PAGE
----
Maersk reports significant revenue loss for 2011
According to the Paris-based consultancy, Alphaliner, the poor performance was largely due to a record operating loss of $603 million in the fourth quarter,
in the NewsState of Logistics 2016: Pursue mutual benefit Drewry maritime analysts examine the Hanjin shakeout Day 2 at APICS Stifel Logistics Confidence Index reaches 12 months of negative confidence CSCMP’s Hall of Fame More News
APM-Maersk has reported an operating (EBIT) loss of $386 million for its container shipping and logistics activities for 2011.
According to the Paris-based consultancy, Alphaliner, the poor performance was largely due to a record operating loss of $603 million in the fourth quarter, which was the worst quarter for the carrier on record surpassing even the recession in 2009. The fourth quarter EBIT margin reached –8.8 percent, only slightly better than the 2009 quarterly performance.
APM Maersk Container Activities by Quarter 2008-2011 (Including Maersk Line, Safmarine, MCC, Seago Line and Damco) For the first time, the group also broke down its full year earnings of its liner business from its logistics business.
“Of the $386 million operating loss in 2011, Maersk’s liner business share of the loss was -$483 million while its freight forwarding and supply chain management services offered through Damco contributed an operating profit of $97 million,” said Alphaliner’s commercial director, Stephen Fletcher.
However, APM-Maersk failed to provide quarterly breakdowns which would have allowed comparisons against previous years. Maersk attributed the poor liner results mainly to the low rates on the Asia–Europe trades. The company said that “freight rates started the year at a reasonable level, but decreased throughout the year as large amounts of new tonnage was delivered.”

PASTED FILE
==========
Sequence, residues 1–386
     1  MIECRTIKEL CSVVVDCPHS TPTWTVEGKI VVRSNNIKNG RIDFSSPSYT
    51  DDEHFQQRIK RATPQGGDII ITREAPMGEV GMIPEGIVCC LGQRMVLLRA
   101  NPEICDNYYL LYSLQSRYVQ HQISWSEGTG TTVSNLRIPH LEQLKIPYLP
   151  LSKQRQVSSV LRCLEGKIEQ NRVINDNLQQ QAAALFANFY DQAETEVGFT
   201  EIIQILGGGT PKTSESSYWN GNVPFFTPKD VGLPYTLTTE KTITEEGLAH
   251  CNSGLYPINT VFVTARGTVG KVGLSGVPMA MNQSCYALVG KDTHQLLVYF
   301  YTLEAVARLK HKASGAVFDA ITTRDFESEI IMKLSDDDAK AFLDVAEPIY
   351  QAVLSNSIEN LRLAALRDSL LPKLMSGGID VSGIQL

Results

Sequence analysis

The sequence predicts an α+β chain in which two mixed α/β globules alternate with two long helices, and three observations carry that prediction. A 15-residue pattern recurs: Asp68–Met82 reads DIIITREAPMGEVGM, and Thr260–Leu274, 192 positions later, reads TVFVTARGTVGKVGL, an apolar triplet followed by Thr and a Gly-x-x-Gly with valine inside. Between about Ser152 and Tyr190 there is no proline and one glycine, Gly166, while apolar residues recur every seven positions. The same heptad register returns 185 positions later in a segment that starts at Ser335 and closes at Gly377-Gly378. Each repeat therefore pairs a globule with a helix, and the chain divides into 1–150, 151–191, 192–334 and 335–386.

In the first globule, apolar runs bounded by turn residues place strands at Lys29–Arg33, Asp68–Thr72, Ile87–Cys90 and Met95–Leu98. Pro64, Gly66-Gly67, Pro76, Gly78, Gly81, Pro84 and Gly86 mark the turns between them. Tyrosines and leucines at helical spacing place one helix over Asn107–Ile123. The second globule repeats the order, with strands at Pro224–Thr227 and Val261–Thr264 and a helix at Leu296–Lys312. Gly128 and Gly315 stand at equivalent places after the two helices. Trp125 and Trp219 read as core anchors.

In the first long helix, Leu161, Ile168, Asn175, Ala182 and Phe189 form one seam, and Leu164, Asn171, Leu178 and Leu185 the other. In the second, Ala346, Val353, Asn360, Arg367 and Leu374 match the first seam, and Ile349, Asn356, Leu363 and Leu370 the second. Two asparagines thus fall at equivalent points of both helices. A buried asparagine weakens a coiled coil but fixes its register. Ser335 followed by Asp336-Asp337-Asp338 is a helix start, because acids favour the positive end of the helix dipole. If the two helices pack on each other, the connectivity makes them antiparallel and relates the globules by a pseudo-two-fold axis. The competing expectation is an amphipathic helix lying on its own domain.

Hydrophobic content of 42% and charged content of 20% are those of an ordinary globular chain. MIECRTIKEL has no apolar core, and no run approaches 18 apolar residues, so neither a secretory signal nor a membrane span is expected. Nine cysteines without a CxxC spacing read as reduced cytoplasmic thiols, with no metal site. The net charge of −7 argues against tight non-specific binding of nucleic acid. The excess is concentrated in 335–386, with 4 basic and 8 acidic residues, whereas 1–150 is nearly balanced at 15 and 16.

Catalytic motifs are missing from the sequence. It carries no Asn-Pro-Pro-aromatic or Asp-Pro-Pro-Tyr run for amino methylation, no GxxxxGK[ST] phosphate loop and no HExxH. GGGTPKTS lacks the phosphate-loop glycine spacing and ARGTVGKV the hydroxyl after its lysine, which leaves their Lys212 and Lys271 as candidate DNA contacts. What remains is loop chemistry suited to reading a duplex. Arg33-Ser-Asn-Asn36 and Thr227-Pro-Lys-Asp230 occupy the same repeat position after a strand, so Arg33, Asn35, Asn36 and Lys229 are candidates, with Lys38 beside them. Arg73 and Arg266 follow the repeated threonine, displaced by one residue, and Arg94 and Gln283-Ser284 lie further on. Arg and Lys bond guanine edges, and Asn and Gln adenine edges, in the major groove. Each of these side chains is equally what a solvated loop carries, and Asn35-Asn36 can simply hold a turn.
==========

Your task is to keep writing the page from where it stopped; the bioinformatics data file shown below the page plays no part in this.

Overall freight rates fell by 8 percent in 2011 with the Asia-Europe rates suffering the steepest decline at 19 percent. The Asia-Europe trade accounts for 39 percent of Maersk’s total liftings last year.
Maersk’s total container liftings increased by 11 percent to 16.22 million twenty-foot equivalent unit (TEU), growing at a rate that was above the market average and allowing it to gain market share. However, the company said that its focus this year “is moved towards profitability ahead of further market share gain.”
It forecast that the liner business will remain unprofitable in 2012 despite the recent attempts by carriers to raise rates on the Far East/Europe routes.
About the AuthorPatrick Burnson, Executive Editor Patrick Burnson is executive editor for Logistics Management and Supply Chain Management Review magazines and web sites. Patrick is a widely-published writer and editor who has spent most of his career covering international trade, global logistics, and supply chain management. He lives and works in San Francisco, providing readers with a Pacific Rim perspective on industry trends and forecasts. You can reach him directly at [email protected]
Subscribe to Logistics Management Magazine!Subscribe today. It's FREE!
Get timely insider information that you can use to better manage your entire logistics operation.
Start your FREE subscription today!
Time for Asia’s ports to rebuild Is the freight recession upon us…again? View More From this Issue